Voters in Mississippi head to the polls Tuesday to cast their ballots in a run-off Senate race between Republican Cindy Hyde-Smith and Democrat Mike Espy. The 2018 midterm elections have not been without controversy. In tight races in Florida and Georgia, Republicans protecting slim margins tried to prevent recounts by making unproven claims of voter fraud. The national focus on voting rights prompted us to take a look at Massachusetts' own laws around voter I.D. requirements and recounts. WGBH's Morning Edition anchor Joe Mathieu spoke about this with Legal Analyst and Northeastern Law Professor Daniel Medwed. The transcript below has been edited for clarity.

Joe Mathieu: Now that we've heard the stories of other jurisdictions about onerous voter I.D. requirements that are making national news, what are the rules here in Massachusetts about this?

Daniel Medwed: Well, Massachusetts law provides that poll workers may ask for voter I.D. under very particular circumstances, such as if it's your first time voting in a federal election in Massachusetts, or you've been an inactive voter in the past. But the good news is that a wide range of documents would satisfy this requirement — basically anything with your name and address, like a recent rent receipt or a recent utility bill. Now one provision that caught my eye, is that poll workers may ask for I.D. in other situations, where they have reasonable suspicion of a problem.

Mathieu: Could that provision possibly be used to discriminate against certain voters? That's frequently the concern.

Medwed: In theory, it's possible that poll workers could exploit the ambiguity of that language to discriminate. But in practice I don't think it will happen that often, because courts are very vigilant in interpreting phrases like reasonable suspicion or reasonable cause in an objective manner, to safeguard against discrimination. I also think it's important to have a safety valve like this to give flexibility to poll workers during those very, very rare instances of possible voter impropriety.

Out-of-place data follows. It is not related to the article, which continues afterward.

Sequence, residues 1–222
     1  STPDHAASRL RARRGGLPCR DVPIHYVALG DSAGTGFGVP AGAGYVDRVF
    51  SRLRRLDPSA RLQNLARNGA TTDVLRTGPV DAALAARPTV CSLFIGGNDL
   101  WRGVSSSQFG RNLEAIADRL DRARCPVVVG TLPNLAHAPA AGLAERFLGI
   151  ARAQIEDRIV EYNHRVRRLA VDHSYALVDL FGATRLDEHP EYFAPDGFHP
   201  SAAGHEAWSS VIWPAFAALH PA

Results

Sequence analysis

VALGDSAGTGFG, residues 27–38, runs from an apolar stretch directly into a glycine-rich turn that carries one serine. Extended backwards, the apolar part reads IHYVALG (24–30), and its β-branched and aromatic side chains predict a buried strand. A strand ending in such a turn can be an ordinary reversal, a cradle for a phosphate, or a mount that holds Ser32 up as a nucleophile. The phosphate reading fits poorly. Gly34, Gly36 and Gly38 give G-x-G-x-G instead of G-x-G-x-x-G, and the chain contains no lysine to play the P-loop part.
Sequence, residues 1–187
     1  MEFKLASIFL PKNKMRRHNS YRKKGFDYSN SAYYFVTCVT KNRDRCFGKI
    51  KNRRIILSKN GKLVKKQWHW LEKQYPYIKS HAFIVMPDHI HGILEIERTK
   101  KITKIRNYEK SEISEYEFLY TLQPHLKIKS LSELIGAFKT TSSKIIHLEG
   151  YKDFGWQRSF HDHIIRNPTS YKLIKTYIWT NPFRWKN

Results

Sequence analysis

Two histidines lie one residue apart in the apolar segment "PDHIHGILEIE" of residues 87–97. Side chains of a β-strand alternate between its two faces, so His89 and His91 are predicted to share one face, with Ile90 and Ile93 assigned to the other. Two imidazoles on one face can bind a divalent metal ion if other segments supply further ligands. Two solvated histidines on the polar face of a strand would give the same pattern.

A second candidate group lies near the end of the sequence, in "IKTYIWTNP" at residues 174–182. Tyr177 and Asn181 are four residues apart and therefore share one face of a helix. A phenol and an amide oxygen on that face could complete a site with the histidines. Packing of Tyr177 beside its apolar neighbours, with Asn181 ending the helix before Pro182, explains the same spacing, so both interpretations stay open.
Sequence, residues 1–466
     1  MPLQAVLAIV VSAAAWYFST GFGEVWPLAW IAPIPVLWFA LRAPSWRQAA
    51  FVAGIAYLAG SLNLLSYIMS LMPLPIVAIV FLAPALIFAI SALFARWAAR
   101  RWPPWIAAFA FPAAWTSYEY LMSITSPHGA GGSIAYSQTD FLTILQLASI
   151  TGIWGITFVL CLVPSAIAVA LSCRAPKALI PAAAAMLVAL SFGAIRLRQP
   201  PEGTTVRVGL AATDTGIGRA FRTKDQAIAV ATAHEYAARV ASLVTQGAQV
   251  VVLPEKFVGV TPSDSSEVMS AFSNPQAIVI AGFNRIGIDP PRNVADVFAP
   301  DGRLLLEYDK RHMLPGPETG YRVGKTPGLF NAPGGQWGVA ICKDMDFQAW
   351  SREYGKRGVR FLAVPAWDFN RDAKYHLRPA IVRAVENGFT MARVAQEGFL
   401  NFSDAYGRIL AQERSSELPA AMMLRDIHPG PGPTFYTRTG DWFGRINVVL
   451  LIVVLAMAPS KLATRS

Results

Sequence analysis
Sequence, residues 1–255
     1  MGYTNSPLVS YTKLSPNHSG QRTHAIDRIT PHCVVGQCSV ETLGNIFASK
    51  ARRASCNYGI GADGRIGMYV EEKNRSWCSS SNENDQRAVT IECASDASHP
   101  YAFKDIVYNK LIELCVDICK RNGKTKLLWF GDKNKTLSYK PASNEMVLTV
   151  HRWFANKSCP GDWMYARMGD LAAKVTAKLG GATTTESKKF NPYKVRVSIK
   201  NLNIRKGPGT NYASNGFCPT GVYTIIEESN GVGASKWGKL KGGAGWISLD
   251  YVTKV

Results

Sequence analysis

Mathieu: So let's turn to recounts. Under what situations may a candidate actually initiate one here?

Medwed: In Massachusetts it varies considerably, depending on the type of election, whether it's a statewide, local or district-wide election. So, for a statewide election, an aggrieved candidate may petition for a recount if the margin of victory is within one half of one percent, and they garner, I believe, 1,000 signatures from voters. For a district-wide race, it's the same basic rule, except the number of signatures varies. I think you have to get one-quarter of the number of signatures you'd have to have on your nominating papers. And for local races, it varies even more depending on the particular municipality. Boston, for instance, has very different rules from other cities and towns.

Mathieu: We're talking with WGBH News Legal Analyst and Northeastern Law Professor Daniel Medwed. Can voters themselves, as opposed to candidates, actually initiate a recount?

Medwed: That's a really important question. And the short answer is, yes. Voters may request a recount, but only for ballot questions, not for elected representatives. So if the discrepancy between a negative and an affirmative vote on a particular ballot question is within one half of one percent, then the people may petition for a recount, subject to signature requirements.

Mathieu: So if that happens, a recount is properly initiated, what does the process look like?

Medwed: Well it looks like the picture of chaos. We actually have a recent example of this, because back in September, there was a recount in a very razor-thin election at the Democratic primary for the 3rd Congressional District out in Merrimack Valley — Lawrence, Lowell, Andover — where Lori Trahan and Daniel Koh were separated by 122 votes.

Koh petitioned for a recount. And that triggered a very painstaking five-day process, where — get this — election officials in, I believe, 37 cities and towns hand counted 89,000 ballots. I mean, literally, people took magnifying glasses and looked at the little ovals on the ballot to see whether they were accurately filled out and could go through the optical scanner. Secretary of State William Galvin even intervened to supervise a situation in Lowell and Lawrence because of some concerns out there. The upshot is that Trahan picked up 23 votes. She ended up winning by 145 and later sailed to election in the general in November. But even so, I think recounts serve a very vital purpose. Even though they seldom result in a reversal of the outcome, they can serve to validate the integrity of the process and provide a sort of audit function.